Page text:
We would do our own ranks a severe disservice by dismissing their candidacies based solely on Crist's celebrity status. But if Crist made the switch to Democrat now, if he spent the next two years fighting for Barack Obama to win Florida, for Democrats to take more seats in the state Legislature, to rebuild a party which has been in tatters for a decade and a half, then Democrats should consider forgiving Crist of his past sins. But he shouldn't get a pass to the big race. He needs to prove he cares more about a set of public principles than his own ambitions. The good news is there is still time to do it.
I don't pretend this blog is highly influential, but I do know that post I wrote was emailed hundreds of times, more often than anything ever written on these pages. If this short checklist of things to do ever made it in front on Charlie Crist, I must acknowledge that in just a few weeks, he has made some significant progress.
If Bill Nelson stays in the Senate and if Barack Obama wins Florida, Charlie Crist will be able to claim some credit. I want to see him do some real work on the trail, but writing this enormous Op-Ed just as the GOP convention gets underway definitely counts. It also sounds like he will be the most high-profile ex-Republican official to speak in Charlotte at the Democratic National Convention this year. Frankly, it sounds like Charlie Crist is well on his way to achieving those accomplishments which I said he must before he deserved the accolades of anyone on the left?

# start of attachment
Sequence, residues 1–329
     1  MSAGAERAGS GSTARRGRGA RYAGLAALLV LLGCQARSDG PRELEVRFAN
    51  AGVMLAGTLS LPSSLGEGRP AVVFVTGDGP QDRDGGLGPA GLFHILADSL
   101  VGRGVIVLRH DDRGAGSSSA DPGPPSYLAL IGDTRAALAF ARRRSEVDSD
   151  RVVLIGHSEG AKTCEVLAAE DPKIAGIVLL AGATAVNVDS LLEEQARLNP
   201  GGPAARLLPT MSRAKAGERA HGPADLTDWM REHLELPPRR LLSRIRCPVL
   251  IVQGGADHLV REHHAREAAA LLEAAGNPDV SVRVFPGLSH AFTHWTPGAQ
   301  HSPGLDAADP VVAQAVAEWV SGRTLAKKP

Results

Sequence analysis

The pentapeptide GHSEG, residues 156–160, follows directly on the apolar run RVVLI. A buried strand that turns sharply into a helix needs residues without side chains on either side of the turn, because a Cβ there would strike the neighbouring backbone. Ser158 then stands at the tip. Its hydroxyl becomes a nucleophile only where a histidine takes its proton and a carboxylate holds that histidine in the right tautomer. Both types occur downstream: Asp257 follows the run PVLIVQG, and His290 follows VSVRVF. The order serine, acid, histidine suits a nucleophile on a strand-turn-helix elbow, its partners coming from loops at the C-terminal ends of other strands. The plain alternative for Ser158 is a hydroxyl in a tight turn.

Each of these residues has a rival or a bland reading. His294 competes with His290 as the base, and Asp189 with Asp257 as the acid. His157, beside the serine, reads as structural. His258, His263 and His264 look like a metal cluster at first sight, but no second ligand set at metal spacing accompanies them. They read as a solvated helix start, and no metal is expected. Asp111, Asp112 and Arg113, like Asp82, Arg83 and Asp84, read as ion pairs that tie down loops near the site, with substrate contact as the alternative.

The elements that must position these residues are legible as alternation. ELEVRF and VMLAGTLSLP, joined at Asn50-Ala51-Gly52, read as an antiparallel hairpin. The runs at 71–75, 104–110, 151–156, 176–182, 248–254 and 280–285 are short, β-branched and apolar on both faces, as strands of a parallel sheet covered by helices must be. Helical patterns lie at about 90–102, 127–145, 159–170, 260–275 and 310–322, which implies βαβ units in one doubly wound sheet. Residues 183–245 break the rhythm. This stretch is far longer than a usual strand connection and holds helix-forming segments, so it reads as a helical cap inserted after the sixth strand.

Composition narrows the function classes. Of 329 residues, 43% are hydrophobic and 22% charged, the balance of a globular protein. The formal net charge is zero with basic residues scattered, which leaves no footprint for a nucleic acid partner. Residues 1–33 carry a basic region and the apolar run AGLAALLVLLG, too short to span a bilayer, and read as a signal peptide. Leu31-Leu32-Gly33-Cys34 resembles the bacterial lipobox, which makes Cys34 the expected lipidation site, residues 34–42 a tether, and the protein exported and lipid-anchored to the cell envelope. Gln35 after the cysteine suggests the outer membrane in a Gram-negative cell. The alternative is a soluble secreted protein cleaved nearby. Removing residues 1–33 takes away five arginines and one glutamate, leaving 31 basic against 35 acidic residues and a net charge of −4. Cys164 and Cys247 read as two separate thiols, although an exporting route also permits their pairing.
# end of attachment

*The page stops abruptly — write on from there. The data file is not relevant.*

Can he help us win back some legislative seats? Can he get us a couple Congressional seats this year? I at least would like him to try. Has he yet shown a commitment to a set of principles important to the left? I guess that's what got him in trouble with the Marco Rubio crowd to begin with. 
I recommend he change his registration to Democrat sooner than later if he really plans to run in 2014. My guess is he may do this in high-profile fashion at the DNC this year.
Of course, there will be a primary for governor, and I would like to see who really throws their hat in the ring before hinting a handicap on this race, much less considering an endorsement. Proving he is a good Democrat still doesn't mean Alex Sink or Nan Rich should set their own ambitions aside. It is also noteworthy that other offices, including every Congressional seat in Tampa Bay, will be up in 2014 and Crist may see greater appeal in a different job than governor. He did forgo a run at re-election two years ago in favor of seeking a Senate seat.
But is Charlie Crist in fact worthy of consideration for a Democratic nomination for high office? Based on his invaluable contributions of personality to our cause this year, I have to say, inevitably and undeniably, that the answer is yes.

1 comment:

  1. I agree....not only is Christ doing a service for our state and for the Democratic party, but he also is proving the point that there is no place for a centrist in the Republican party. I think he is vying for a run and I do hope he is able to rebuild the Democratic party in Florida.